Perhaps the most significant “issue” they plan to investigate, though, is into the business dealings of the president’s son, Hunter. Republicans allege that Hunter Biden has used his father’s successful political career to help himself financially: he joined the board of a Ukrainian natural gas company in 2019, and an investment firm he co-founded helped a Chinese firm buy a Congolese cobalt mine from a US company in 2016, among other endeavors. And while Republicans have made the president’s son a central talking point, neither Biden has been implicated in any wrongdoing.
And while the House Jan. 6 Committee will disband at the end of this Congress, Republicans have a few ideas for select House committees of their own. House GOP Leader Kevin McCarthy has vowed to create a select committee to investigate China, and many other GOP members have signaled that they want to form a special panel to investigate the Biden administration’s 2021 withdrawal from Afghanistan, which was marred by a suicide bombing at the Kabul airport that killed 13 service members and at least 170 Afghans.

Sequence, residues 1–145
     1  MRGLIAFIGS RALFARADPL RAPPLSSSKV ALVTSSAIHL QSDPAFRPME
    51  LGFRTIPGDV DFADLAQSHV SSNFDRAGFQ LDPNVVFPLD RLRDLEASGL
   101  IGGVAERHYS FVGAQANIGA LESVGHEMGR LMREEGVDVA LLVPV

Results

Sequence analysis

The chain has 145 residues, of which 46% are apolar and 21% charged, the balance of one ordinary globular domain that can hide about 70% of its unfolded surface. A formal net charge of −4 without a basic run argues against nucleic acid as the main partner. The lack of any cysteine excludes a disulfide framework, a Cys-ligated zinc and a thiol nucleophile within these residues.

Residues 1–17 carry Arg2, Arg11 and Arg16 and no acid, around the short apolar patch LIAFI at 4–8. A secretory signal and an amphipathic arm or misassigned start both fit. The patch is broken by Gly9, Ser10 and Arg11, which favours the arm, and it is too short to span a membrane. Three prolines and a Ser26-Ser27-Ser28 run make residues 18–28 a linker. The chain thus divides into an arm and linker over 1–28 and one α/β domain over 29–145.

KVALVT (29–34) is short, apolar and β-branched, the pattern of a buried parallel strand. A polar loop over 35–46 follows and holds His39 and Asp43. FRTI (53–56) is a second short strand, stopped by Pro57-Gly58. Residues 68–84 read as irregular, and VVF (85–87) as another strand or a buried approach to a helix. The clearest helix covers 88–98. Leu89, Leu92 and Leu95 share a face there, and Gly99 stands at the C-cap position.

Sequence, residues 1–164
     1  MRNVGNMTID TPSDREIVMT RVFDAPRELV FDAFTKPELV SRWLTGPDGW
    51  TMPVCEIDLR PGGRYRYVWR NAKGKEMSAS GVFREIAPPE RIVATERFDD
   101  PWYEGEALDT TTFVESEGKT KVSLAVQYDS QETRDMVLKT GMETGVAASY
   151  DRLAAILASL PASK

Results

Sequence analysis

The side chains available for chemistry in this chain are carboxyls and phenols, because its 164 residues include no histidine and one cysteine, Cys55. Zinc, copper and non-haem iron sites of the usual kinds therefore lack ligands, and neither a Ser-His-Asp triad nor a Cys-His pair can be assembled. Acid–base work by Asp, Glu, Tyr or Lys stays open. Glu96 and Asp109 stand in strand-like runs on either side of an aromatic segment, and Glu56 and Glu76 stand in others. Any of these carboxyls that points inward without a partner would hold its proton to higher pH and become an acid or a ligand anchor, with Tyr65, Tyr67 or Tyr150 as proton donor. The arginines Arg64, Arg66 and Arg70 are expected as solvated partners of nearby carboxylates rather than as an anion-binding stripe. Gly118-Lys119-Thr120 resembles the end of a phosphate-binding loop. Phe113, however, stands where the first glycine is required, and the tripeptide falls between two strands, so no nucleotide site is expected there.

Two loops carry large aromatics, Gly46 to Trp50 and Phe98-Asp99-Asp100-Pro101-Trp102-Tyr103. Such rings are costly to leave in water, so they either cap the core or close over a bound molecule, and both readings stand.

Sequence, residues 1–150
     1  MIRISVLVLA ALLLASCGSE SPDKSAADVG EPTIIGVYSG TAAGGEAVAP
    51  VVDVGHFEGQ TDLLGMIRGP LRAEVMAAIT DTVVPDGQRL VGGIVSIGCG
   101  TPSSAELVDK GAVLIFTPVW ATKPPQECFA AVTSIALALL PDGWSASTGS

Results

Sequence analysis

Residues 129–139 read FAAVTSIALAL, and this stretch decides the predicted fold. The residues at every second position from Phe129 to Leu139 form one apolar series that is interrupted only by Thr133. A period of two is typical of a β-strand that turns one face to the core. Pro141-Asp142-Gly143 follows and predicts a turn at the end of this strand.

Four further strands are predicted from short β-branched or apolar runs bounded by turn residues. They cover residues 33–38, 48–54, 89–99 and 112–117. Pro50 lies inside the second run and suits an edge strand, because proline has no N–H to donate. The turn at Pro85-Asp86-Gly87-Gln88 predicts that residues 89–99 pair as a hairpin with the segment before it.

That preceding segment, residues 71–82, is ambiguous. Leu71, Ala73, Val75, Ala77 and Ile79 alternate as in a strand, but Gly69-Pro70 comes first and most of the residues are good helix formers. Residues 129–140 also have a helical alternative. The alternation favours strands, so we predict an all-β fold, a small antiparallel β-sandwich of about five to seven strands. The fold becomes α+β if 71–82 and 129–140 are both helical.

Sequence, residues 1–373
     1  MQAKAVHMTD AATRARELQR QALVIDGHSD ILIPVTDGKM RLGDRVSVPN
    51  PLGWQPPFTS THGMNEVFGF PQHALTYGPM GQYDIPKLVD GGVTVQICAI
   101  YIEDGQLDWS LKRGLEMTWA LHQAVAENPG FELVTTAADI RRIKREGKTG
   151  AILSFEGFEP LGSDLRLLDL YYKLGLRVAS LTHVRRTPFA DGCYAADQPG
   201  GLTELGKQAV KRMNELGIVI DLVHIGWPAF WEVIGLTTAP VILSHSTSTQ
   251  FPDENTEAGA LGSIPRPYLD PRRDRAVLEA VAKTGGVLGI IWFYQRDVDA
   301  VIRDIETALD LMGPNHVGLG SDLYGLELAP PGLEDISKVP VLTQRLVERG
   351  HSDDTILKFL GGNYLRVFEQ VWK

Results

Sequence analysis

The Morning Consult notes that the GOP’s biggest moves in this Congress will be made on the investigative front, since they’ll be able to lean on congressional authority. But among 17 potential investigations tested in their survey, none of the above issues were ranked as important in voters’ minds. Only one—fentanyl trafficking into the United States—was ranked a top priority by a majority of voters.
After President Trump was impeached twice, some of his loyal GOP allies are looking for partisan payback. In addition to threatening a government shutdown, Rep. Majorie Taylor Greene has filed multiple articles of impeachment against President Biden and Attorney General Merrick Garland, although McCarthy has said that he hasn’t seen anything that rises to the level of impeachment.
As with the incoming House’s planned investigations, many voters don’t rank impeachment as a top priority. The Morning Consult/Politico survey also noted that less than three in 10 voters say Congress should focus on a presidential impeachment investigation.
President Biden isn’t the only Democratic leader that Trump’s GOP allies have their sights set on. Department of Homeland Security (DHS) Secretary Alejandro Mayorkas is on their radar as well, and many GOP leaders have bashed his immigration policy.